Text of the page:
6

Why not just hard code an expiry date into the trial program so that you don't have to continue to support it? You could put this in main(). // Die after October 1, 2010 Calendar expireDate = Calendar.getInstance(); // January is 0 (y, m, d) expireDate.set(2010, 9, 1); // Get current date and compare if (Calendar.getInstance().after(expireDate)) { // Die ...


6

You could probably come up with a system that requires an internet connection, but without something that the user can't tamper with, I don't see a solution. Any solutions that rely on an untrusted element (an element of the protection that is under the user's control) is critically weak. The simplest way I can think of to protect against the user moving ...


5

With regards to a random-generated key, how will you verify a key is legit or if a key is bogus if it is actually random? Have a look at the article "Implementing a Partial Serial Number Verification System" as it is quite good and is easy to implement in any language. With regards to time trials, as basic solution would be to compare your main executable ...


5

There is no effective way to lock down an application, period. You can make it more difficult for users to use the program without a valid license from you, at the risk of creating false negatives, which can become a PR nightmare very quickly in the Internet age. There are two ways to go about doing this. You can create some sort of DRM lock built into ...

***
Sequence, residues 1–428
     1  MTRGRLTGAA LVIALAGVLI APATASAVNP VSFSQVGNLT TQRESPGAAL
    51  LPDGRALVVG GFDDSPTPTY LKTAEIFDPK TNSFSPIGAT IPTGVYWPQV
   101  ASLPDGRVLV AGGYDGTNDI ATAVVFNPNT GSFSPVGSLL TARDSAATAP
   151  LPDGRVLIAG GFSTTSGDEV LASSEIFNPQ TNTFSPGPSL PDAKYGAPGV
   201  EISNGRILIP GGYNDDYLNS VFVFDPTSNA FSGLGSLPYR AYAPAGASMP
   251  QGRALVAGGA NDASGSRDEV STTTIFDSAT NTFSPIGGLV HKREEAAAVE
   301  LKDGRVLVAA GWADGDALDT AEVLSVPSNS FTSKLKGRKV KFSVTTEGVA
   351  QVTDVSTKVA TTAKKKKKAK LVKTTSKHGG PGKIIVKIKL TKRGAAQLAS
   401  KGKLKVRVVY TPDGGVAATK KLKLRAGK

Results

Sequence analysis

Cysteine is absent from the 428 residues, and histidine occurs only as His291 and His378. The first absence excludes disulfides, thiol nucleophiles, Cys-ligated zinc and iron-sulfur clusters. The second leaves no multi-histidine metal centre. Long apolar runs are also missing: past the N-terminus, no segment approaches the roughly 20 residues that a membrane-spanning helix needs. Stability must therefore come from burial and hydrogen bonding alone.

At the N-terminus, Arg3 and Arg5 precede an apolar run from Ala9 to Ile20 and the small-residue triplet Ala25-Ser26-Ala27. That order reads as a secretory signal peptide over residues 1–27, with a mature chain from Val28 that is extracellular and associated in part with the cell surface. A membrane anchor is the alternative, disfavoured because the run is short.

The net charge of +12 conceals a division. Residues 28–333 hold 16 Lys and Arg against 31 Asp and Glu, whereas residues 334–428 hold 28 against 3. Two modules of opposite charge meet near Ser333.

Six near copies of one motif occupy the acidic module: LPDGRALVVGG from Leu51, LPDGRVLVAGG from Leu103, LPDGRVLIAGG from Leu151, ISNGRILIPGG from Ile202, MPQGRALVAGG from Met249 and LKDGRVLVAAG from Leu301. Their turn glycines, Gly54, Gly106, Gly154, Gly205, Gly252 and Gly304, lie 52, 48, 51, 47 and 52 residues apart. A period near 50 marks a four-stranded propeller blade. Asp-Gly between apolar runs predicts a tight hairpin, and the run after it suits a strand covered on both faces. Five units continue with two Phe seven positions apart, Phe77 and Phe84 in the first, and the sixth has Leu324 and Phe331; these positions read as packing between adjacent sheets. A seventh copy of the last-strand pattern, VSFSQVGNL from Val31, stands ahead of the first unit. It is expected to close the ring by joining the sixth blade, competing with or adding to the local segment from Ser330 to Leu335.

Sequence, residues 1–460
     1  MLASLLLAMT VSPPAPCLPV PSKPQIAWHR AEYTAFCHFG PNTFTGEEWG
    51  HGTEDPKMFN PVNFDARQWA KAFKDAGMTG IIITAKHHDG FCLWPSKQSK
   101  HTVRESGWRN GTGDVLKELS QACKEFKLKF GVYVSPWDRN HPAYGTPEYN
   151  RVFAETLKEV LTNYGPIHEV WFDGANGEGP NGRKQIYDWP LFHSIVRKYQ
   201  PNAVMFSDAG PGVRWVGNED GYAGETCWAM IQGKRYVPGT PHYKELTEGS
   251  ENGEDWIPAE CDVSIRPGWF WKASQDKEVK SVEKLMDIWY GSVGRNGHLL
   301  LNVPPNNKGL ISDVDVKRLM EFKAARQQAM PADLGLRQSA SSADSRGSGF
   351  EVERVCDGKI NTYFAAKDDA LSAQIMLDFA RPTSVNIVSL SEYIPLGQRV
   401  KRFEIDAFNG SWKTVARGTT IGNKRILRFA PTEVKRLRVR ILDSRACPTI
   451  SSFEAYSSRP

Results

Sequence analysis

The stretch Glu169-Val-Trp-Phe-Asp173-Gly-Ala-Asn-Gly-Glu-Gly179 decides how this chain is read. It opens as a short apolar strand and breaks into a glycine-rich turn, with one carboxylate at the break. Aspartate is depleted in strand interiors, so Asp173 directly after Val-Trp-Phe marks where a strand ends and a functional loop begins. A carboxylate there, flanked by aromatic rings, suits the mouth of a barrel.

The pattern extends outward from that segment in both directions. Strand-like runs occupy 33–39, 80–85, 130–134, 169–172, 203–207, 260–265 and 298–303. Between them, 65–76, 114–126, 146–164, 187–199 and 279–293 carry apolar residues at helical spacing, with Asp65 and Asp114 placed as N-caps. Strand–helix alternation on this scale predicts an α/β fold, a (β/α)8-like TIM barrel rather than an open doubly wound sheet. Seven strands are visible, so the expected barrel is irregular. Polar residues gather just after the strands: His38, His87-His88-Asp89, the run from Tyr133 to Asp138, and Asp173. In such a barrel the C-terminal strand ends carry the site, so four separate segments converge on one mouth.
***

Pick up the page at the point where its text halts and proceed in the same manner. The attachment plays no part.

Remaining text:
5

Speaking of Wil Shipley, he has made his in-application payment and registration framework available for licensing under the name of Golden % Braeburn. I believe that Delicious Library and SousChef both use this framework.


5

Many people will only need this tool once in a lifetime for an import of some data. So you will definitely have to go to a limited version instead of a time version.


5

My preferred method of limiting trial versions is through watermarking. This method works great for software that is used to produce content. E.g. my own HelpScribble and DeployMaster are used to produce help files and installers. The trial versions of these products create help files and installers without any restriction in time or functionality. But ...


4

Probably the only way is an Internet-based "software as a service" application. If you don't provide access, they're not using the software. If it is a desktop-based application, then some key piece of functionality would still have to be on an online server somewhere. If the hacker has the entire application on their local machine, it can be reverse ...


4

You can query the uptime of the computer through WMI. See here for more info. And here is how to do it in C#.


4

It is common for software during the trial period to lack (or limit) some significant feature, such as printing or saving. I've tried (and bought) a panorama assembly tool that put a large watermark across the finished image. It allowed the quality of the tool to be evaluated, but put a real limit on further use of the images created during the evaluation ...


4

The reason it uses license files is to make it cryptographically hard to make up licenses—you can't just write a keygen like you can with license numbers. You can make this easy by making a custom file type for license files in your application's Info.plist. (This must be app-specific. When you begin your second product, you'll need to make a new type.) ...